New data show that conversion rates are down among social media users across some top social platforms (Facebook, Pinterest, and Twitter). The decreased rates seem primarily the result of increased visits (more visits and the same number of sales will obviously lead to lower conversion rates). But what’s wrong with this study?
The data used to show the decrease in conversions comes only from Branding Brand, a single mobile commerce site provider. Although Branding Brand has a lot of high-profile retail clients (CostCo, Bath & Bodyworks, Crate & Barrel, Timberland to name a few), it’s still only one mobile commerce platform and as such its data do not represent results across the entire mobile ecosystem. Additionally, the data used represent only traffic from Branding Brand sites, not all web traffic or even all mobile traffic for a particular retailer. Comparing Branding Brand data in context with complete traffic data for a retailer would tell a more interesting story.
The fact that Branding Brand is the single platform for all of the data presented in the study may show more about the type of traffic that works for platform itself than social media or mobile in general. As one cynic commented, “The data is just saying that BB builds mobile sites that don’t convert.” While mobile conversion rates were actually up overall (and down only for social media), we don’t know the full situation until we compare the Branding Brand data to data from another mobile commerce provider (or, preferably, several). Additionally, we don’t know much about the type or quality of the social media traffic considered in this study. Are users clicking on specific deals from the Facebook brand page and not converting (perhaps because a deal has expired), or just making general exploratory visits to the retailer website? Knowing more detail about the type of social media sourcing would allow for more actionable conclusions.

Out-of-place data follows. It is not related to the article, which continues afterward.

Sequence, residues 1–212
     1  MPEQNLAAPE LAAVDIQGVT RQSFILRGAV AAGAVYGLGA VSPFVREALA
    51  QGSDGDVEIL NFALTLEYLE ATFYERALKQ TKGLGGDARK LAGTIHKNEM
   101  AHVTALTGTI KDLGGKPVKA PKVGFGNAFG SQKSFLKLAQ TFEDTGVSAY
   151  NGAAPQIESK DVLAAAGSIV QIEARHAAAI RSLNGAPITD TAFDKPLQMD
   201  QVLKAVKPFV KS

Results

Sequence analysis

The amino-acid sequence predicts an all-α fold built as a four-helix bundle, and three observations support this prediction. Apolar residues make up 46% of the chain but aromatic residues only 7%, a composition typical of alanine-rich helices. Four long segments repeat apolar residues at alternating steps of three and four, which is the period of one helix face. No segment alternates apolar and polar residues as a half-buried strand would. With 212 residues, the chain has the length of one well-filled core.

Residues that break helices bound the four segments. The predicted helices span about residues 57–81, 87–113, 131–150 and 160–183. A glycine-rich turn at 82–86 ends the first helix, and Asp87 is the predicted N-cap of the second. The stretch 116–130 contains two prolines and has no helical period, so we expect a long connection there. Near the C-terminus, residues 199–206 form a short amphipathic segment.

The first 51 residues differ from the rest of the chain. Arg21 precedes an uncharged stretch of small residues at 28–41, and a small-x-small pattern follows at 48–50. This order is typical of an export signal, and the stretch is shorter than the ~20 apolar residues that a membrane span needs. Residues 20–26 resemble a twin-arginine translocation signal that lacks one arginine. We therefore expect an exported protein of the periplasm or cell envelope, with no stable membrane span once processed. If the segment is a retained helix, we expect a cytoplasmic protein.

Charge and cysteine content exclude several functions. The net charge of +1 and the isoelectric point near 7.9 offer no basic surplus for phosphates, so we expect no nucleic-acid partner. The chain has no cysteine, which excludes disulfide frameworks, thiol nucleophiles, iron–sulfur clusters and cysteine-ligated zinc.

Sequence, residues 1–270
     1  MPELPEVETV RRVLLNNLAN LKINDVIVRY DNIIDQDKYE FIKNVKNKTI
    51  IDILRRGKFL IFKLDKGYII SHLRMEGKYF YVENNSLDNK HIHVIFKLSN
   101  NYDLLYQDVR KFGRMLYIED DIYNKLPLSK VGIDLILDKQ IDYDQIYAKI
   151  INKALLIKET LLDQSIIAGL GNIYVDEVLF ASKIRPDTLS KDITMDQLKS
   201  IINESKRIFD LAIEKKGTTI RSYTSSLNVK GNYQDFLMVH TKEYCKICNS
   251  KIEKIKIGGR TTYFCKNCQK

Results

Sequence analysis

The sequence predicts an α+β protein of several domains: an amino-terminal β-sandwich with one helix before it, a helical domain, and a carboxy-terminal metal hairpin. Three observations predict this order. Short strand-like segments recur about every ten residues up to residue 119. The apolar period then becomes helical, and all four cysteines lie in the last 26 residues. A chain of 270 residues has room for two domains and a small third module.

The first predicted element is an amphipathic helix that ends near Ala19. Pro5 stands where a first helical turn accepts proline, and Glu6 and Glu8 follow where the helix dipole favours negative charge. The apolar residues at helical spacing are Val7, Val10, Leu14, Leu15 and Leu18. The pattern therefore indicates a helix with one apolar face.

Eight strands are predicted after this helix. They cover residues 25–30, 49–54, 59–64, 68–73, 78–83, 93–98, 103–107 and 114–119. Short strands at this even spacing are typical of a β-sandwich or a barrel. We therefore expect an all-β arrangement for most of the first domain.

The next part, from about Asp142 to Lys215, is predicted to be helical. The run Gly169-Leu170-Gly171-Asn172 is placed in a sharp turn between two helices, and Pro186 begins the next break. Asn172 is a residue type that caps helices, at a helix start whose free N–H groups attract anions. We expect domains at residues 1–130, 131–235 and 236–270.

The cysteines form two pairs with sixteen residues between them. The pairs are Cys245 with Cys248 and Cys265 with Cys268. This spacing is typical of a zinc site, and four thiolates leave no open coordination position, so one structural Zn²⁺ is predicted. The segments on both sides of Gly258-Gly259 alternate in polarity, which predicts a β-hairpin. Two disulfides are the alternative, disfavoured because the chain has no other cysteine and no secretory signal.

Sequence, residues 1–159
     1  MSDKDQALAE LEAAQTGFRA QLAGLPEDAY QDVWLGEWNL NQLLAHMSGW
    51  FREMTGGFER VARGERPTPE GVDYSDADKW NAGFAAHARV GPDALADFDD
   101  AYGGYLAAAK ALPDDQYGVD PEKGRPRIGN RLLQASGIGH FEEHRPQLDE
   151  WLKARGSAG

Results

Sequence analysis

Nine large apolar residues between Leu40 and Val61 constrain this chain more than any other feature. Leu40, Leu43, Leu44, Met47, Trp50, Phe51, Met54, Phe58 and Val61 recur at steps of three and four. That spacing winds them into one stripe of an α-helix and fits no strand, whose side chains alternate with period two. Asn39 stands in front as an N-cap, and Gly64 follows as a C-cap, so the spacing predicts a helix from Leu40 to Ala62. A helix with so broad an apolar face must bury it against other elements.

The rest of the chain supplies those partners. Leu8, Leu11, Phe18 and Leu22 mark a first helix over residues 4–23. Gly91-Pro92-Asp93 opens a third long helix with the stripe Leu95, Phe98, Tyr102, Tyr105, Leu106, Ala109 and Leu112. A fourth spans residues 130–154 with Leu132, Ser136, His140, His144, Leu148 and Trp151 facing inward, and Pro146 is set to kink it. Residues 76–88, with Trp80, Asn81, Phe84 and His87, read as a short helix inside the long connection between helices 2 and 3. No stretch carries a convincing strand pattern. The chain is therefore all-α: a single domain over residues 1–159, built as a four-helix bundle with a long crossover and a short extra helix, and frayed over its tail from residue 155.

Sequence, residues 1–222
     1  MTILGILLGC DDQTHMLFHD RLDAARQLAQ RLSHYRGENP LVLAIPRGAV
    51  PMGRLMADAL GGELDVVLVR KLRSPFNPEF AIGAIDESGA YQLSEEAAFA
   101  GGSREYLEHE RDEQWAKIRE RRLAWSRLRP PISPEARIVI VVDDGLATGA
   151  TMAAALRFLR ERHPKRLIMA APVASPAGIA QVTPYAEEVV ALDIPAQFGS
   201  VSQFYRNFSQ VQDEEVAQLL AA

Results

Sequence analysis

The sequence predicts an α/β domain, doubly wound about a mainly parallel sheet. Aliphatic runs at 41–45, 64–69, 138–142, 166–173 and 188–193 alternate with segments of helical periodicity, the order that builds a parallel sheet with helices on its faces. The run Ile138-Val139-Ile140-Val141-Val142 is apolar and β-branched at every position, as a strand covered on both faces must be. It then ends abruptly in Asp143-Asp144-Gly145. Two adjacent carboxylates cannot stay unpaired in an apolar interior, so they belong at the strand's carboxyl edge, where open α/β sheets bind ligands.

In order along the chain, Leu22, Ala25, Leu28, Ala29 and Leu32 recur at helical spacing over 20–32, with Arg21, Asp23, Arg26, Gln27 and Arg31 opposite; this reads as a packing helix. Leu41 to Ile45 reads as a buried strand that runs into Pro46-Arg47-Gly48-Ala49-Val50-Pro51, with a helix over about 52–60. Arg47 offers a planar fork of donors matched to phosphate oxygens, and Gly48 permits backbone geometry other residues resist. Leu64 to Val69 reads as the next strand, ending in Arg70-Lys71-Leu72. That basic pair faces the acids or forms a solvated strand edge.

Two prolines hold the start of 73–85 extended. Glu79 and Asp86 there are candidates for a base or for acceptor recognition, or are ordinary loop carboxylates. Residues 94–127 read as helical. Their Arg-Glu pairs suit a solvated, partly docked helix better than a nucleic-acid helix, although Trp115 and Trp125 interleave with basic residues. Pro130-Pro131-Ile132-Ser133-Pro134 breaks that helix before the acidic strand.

Fan and Follower Bias
This data jives with some of my previous assertions about the value of a fan. Sure, fans can be valuable, but the willingness to become a fan suggests a preexisting brand affinity that biases the fan group. While limited due to its sourcing in one platform, the Branding Brand data about the low conversion rates for Facebook confirms my more general impression: that people are on Facebook to socialize, not to find brands.
Better Luck Next Time
A common problem with social media “studies” is that they tend to be performed on data from just a few brands or agencies, which creates an automatic bias and complicates the extrapolation of the results to other businesses or industries. Just as, say, medical studies in a specific population can’t necessarily be extended to people with different demographic characteristics, studies of specific brands or platforms can’t necessarily be extended to all organizations. The Branding Brand data is not particularly flawed, but it is incomplete, not necessarily applicable to all brands or platforms, and does not offer enough detail to drive specific business decisions about where to allocate resources.